Whether waving flags with pomp and circumstance at the parade Monday or sitting in quiet reflection at one of Kansas State’s many war memorials, the local community has hosted and is hosting a number of opportunities for students to honor those who have served in the U.S. Armed Forces in celebration of Veterans Day, which was Sunday.
Thinking about veterans who have passed through K-State at one point or another, Lt. Col. Peter Gray, professor of military science, talked about how men and women enlisting today are peers of students on campus.
“Personally, it’s enough for me if an individual pauses and just recognizes that all these individuals, all these veterans have become part of something greater than themselves and improved their communities,” Gray said.
At K-State, yearly enrollment averages about 2,000 military-affiliated students.
“It’s people students’ age who stood up and answered this call,” Gray said.
Sunday also marked the centennial Armistice Day.
“Veterans Day grew out of Armistice Day,” Gray said. “World War I ended on the eleventh hour of the eleventh day of the eleventh month in 1918, and it was centered around recognizing those individuals that served in World War I and has sort of grown to recognizing all veterans of all our wars for their patriotism, for their selfless service, for their love of country.”
About 105 active participants in K-State’s Army ROTC program will assist with Manhattan’s Veterans Day Parade on Monday. The public parade will begin at 9:30 a.m., trailing from Manhattan Town Center up Poyntz Avenue to 14th Street.
Gray said Manhattan’s Veterans Day parade is the largest in Kansas and has been for the past few years.
“We’re fortunate that we have an infantry division down the road that participates in it,” he said. “The community is super supportive and there’s lots of people out there.”
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Other individual efforts like taking time to reflect requires only a few moments of time for any student, setting aside political disagreements during this season, Gray said. War memorials on campus provide such space, for example.
“Go and take the time to learn about the memorials we have on campus, because we do have quite a few and there’s a lot of symbolism in some of them,” Gray said. “The World War II Memorial, it’s got the dog tag, which is historically accurate.”
Gray said soils from national and state military cemeteries are buried in its foundation, and the design honors those who served in the air, on land and at sea.
Cadet John Loyd, senior in construction science, said the World War II Memorial near McCain Auditorium is his favorite.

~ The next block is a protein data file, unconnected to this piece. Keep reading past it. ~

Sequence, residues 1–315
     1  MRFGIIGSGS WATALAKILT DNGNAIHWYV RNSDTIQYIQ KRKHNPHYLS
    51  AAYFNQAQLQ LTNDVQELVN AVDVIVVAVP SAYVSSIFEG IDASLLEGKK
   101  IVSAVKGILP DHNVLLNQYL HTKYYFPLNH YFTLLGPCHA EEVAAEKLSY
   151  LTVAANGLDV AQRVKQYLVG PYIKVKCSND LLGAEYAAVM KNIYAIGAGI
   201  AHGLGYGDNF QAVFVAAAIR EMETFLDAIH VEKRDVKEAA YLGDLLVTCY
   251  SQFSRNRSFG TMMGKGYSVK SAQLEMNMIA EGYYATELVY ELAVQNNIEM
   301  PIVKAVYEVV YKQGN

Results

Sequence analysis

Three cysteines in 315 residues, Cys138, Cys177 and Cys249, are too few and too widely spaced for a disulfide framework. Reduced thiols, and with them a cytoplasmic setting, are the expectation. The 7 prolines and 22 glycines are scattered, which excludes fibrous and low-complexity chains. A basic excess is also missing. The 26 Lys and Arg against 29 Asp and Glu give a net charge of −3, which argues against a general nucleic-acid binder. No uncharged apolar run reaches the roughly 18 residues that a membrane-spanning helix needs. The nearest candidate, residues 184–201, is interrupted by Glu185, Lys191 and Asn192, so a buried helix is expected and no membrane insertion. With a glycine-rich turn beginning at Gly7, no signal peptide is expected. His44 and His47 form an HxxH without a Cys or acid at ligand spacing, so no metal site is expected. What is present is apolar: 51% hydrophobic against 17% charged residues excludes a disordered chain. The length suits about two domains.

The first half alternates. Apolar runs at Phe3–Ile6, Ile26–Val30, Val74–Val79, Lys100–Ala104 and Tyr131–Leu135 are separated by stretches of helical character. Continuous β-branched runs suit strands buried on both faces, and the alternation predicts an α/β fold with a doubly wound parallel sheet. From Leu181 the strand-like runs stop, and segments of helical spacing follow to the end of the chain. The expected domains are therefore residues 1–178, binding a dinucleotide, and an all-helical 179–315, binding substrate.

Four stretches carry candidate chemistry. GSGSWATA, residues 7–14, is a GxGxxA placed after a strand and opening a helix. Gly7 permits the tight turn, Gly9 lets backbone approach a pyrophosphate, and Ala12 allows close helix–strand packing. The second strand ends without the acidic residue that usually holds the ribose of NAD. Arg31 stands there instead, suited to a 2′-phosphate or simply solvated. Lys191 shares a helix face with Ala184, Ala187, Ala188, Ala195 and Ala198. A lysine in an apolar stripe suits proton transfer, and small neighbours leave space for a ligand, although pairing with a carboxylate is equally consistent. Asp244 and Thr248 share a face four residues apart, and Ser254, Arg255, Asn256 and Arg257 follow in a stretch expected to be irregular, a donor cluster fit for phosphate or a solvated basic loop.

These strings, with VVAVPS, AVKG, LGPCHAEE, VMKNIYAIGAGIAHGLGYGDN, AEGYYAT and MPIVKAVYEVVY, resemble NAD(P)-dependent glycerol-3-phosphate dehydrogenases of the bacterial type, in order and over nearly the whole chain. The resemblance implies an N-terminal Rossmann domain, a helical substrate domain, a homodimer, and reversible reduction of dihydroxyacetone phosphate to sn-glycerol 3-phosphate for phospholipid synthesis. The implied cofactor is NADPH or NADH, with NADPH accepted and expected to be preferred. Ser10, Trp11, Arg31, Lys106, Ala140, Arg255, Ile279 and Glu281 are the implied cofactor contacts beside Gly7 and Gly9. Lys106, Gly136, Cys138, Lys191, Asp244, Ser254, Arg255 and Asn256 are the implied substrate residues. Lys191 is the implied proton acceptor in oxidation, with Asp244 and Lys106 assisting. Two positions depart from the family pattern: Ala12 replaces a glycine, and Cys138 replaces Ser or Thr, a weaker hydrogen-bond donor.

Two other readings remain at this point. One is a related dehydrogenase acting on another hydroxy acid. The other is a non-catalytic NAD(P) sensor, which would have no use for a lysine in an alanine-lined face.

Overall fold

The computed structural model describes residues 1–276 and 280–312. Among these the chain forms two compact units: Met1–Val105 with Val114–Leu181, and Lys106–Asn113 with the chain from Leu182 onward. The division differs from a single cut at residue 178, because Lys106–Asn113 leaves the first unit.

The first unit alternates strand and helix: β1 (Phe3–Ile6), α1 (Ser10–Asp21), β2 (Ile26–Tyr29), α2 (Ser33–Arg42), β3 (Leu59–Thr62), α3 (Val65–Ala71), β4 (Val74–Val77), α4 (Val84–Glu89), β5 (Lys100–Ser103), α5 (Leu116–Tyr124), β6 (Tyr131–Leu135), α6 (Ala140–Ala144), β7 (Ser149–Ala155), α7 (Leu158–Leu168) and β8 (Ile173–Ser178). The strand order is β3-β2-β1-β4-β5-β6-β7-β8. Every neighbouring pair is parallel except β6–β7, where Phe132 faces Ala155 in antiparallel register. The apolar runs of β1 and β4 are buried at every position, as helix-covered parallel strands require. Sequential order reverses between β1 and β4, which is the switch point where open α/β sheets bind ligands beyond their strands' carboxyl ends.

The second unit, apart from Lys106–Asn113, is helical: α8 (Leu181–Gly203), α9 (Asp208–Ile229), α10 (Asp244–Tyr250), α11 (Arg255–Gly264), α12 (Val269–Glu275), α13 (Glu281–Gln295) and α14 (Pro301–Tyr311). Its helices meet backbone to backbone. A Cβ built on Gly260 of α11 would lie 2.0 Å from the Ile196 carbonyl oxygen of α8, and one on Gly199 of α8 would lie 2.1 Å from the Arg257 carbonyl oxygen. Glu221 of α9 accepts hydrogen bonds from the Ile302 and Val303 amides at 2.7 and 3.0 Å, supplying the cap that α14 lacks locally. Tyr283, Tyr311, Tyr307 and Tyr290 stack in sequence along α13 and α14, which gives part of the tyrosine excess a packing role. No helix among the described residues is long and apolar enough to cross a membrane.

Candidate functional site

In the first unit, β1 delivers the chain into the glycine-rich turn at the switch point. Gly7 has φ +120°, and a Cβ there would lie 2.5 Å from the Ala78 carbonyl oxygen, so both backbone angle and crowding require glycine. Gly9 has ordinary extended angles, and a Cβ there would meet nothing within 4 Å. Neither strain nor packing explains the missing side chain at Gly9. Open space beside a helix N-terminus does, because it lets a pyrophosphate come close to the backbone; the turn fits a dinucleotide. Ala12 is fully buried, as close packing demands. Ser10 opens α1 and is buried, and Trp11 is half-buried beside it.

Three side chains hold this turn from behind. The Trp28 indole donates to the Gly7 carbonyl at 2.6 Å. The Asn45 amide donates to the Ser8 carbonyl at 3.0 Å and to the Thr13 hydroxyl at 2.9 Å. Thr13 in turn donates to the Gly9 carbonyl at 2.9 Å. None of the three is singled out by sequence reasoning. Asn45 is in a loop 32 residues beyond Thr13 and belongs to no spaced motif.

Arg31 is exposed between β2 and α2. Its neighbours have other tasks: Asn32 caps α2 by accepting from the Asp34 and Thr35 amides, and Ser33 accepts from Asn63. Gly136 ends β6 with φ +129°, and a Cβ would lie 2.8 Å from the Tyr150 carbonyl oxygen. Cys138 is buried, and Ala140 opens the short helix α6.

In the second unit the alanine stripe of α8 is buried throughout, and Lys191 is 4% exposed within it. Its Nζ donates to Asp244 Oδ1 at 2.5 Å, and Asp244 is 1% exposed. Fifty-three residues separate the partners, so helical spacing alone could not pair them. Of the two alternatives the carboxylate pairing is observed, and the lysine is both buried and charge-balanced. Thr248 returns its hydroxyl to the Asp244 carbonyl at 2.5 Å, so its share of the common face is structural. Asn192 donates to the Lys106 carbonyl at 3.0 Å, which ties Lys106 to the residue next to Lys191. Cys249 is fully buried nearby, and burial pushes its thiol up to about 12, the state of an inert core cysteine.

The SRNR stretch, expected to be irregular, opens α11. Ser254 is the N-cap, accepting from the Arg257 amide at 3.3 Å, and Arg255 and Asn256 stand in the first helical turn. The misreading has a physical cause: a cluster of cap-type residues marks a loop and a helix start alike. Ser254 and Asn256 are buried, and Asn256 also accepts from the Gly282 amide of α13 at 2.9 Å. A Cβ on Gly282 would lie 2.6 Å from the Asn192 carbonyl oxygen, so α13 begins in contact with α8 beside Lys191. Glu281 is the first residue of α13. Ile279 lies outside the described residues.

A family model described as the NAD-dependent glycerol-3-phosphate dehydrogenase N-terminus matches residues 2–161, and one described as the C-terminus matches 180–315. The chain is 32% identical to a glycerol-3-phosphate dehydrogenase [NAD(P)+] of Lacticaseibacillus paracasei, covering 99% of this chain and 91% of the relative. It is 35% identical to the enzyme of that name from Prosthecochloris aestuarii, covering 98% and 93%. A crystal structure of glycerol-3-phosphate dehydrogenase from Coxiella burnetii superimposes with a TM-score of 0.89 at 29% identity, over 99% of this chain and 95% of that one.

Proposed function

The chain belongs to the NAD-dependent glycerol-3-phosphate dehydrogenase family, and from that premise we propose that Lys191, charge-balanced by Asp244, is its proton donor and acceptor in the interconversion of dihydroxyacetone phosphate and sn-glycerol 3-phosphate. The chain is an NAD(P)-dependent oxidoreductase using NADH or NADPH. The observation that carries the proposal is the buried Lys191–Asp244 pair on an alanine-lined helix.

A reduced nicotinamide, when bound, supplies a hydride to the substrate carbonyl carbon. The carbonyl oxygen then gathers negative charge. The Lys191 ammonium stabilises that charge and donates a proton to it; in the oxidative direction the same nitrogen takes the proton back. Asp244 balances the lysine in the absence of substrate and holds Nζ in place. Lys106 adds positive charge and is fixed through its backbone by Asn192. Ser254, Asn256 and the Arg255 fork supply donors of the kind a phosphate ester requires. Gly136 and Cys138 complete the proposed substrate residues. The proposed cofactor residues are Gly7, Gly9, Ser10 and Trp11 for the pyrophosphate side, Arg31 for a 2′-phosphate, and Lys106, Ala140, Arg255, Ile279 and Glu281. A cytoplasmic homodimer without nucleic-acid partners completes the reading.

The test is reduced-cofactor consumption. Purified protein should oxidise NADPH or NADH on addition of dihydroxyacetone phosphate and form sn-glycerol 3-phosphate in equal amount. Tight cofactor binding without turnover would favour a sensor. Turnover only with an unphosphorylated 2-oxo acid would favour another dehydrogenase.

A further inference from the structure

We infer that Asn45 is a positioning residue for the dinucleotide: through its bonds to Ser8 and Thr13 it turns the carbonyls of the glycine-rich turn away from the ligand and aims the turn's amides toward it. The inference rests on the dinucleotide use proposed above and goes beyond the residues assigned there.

“Anywhere you’re walking on campus, you could easily stop by one,” Loyd said.
The hallways in Gen. Richard B. Myers Hall are also lined with tributes to K-State students and alumni.
“Out in our hallway, we have the ‘48 Fallen,’ which is the display for 48 K-State students who were killed during World War I,” Gray said.
“Down the hall, there’s a Distinguished Service Cross winner from Kansas State from World War II on D-Day,” Gray continued. “We have his actual medal from his family. That’s the second highest award for valor, right under the Congressional Medal of Honor, so there’s absolutely some history available. ”
Also on campus, All Faiths Chapel was the site of a memorial concert Sunday, selected to fall on the exact Armistice Day centennial.
Bryan Pinkall, Grammy-winning soloist and K-State professor of music, performed with faculty pianist Amanda Arrington in Sunday’s program, titled “Voices on the Western Front.” It featured songs, cinema, history and theatrics during the performance.
Elizabeth Handy, freshman in music education, said she gained more respect for veterans and learned from the personal stories of the composers during the concert.
“I think it really put into perspective how they truly did fight for us and they died for us,” Handy said. “When you focus on individual stories, it kind of pulls the emotion through more than it would just talking about veterans.”
Traci Taylor, center operations and programs manager at Fort Riley USO, said students can impact a veteran they know by sharing with current service members through volunteerism.
Several deployments will take place at the beginning of 2019, so volunteers are welcome to help coordinate events for spouses or children at that time, Taylor said.
Loyd said even a simple letter or thank you card goes a long way.
“If you know someone that’s a veteran or a phone call or text message to anybody, that just goes miles for a lot of people,” Loyd said.
Gray said as a veteran, he appreciates the community support and respect for the Army ROTC program.
“There are 279 guys like me across the nation, and everyone has a different situation, and we’re extremely lucky here at Kansas State,” he said. “We do not get any complications with the sorts of things we need to train our guys with because Kansas is just service-oriented.”